Guillory worked for the Alexandria Housing Authority from Dec. 12, 1994, to June 11, 1998, AHA records show. He also served as assistant director of the Boys & Girls Club of Central Louisiana in the late 1990s and was a part-time coach for the Alexandria Aces baseball team in 1997.
Guillory had been indicted on charges related to his tenure as executive director of both the Lafayette Housing Authority and Opelousas Housing Authority. He became Lafayette’s director after leaving the Alexandria Housing Authority.
“With the betrayal of the public trust it is necessary that you serve a prison sentence” to restore the public’s trust in government agencies like the housing authority, U.S. District Judge Elizabeth Foote said Wednesday during the sentencing for Guillory.
Guillory, 51, now living in Lake Charles and washing cars for a living, could have been sentenced to as much as 71 months in prison.
Attorney Frank Dawkins, who represented Guillory in federal court in Lafayette, asked that Guillory be released on probation or allowed to serve his sentence on home confinement.
Assistant U.S. Attorney Kelly Uebinger filed a motion for a reduced sentence for Guillory because he cooperated with authorities and “provided substantial assistance” with investigations, but balked when Dawkins suggested Guillory serve no prison time.
A soft-spoken former professional baseball player who earned around $200,000 a year as LHA executive director, Guillory was forced to resign in October 2010 when a much-delayed audit revealed numerous management and fiscal irregularities.
When the audit was made public by then-LHA board Chairman Buddy Webb and others, it rocked the LHA. Webb resigned, City-Parish President Joey Durel removed most of the board, Guillory and his deputy director were forced to resign, and federal authorities launched an investigation. Since March 2011, officials with the U.S. Department of Housing and Urban Development have been overseeing the LHA.“I’m very sad for his family, especially for his children,” Webb said. “I would hope that when Walter finishes his term he becomes the old Walter that I knew.”
Webb added, “In the end it is not for me to judge. It will be for God to judge, and that’s the one that matters most.”
“I’ve already repented to God,” Guillory told Foote before she sentenced him.
Guillory said that through the recent rough times, he has been blessed to be able to assist people in need.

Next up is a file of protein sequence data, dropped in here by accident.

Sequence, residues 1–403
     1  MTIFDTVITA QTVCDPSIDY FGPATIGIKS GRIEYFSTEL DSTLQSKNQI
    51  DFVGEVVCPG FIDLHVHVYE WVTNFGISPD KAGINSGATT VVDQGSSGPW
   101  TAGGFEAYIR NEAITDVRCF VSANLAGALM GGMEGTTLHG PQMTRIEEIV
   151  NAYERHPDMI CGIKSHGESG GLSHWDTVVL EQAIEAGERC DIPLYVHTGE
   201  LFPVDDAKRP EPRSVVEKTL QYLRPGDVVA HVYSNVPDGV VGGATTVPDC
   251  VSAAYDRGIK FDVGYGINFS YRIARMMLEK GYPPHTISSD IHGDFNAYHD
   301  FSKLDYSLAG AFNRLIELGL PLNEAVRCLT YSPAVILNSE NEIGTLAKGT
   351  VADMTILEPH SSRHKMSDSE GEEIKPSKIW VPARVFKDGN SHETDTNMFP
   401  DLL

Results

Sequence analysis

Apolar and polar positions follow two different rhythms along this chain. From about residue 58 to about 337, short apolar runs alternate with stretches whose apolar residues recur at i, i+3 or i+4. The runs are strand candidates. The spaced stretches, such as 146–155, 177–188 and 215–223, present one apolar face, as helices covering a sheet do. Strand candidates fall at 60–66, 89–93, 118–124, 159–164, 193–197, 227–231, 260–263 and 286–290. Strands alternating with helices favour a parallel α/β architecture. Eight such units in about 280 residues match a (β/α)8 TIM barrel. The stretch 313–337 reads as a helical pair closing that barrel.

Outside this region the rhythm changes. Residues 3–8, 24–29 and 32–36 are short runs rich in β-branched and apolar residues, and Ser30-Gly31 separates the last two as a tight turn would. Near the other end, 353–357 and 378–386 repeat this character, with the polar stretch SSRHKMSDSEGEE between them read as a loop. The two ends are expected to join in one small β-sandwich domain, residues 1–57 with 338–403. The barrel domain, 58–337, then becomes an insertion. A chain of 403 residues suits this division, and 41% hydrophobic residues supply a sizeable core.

“I pray that the community heals from this and comes together” to meet the needs of children and those in needs, he said, asking for mercy so that he can continue to mentor children and serve those in need.
Foote, a former longtime Alexandria attorney, sentenced Guillory to 28 months on each of two counts to which he pleaded guilty, but ordered that he serve the time concurrently. After his release, Guillory will be on one year of supervised release.
Foote said she considered in sentencing Guillory his clean record, his courage and the nature of assistance he provided to federal investigators, his remorse, his actions to turn his life around and more than 40 letters of support and testimony on his behalf describing Guillory as a kind and gentle man who has been humbled by the revealing of his crimes.
But Foote said she also had to consider the length of time over which the crimes occurred. Other things considered in determining the length of his prison sentence included more than one bribe or extortion, the amount involved and his position in the agency.
At Dawkins’ request, Foote said she will ask the Bureau of Prisons to incarcerate Guillory in a facility close to Lake Charles or New Iberia, and will recommend a prison in Oakdale. Guillory has been living in Lake Charles in recent years, and his mother lives in New Iberia, Dawkins said.
Guillory was ordered to report to prison at 2 p.m. July 14.
Guillory was executive director of the Lafayette Housing Authority from July 1999 until October 2010 when he was forced to resign. From 2005 until 2009 he also was executive director of the Opelousas Housing Authority.In February, Guillory pleaded guilty to bribery in connection with a baseball fundraiser he coordinated annually to raise money for youth programs at the LHA. He allegedly required businesses to contribute to the baseball fundraiser in return for keeping contracts with the LHA and OHA. He then allegedly pocketed $100,000 from the fundraisers. He’s been ordered to pay that back.
Guillory also pleaded guilty to violating state and federal bid laws by falsifying bids to make it look like the Opelousas Housing Authority was following bid laws. The contracts were instead awarded to one company doing work for the OHA. Guillory approved the bids from 2007 to 2009.
In August, Garnett Thomas, grants coordinator for the OHA, pleaded guilty to one count of conspiracy to commit wire fraud in the bid-rigging scheme.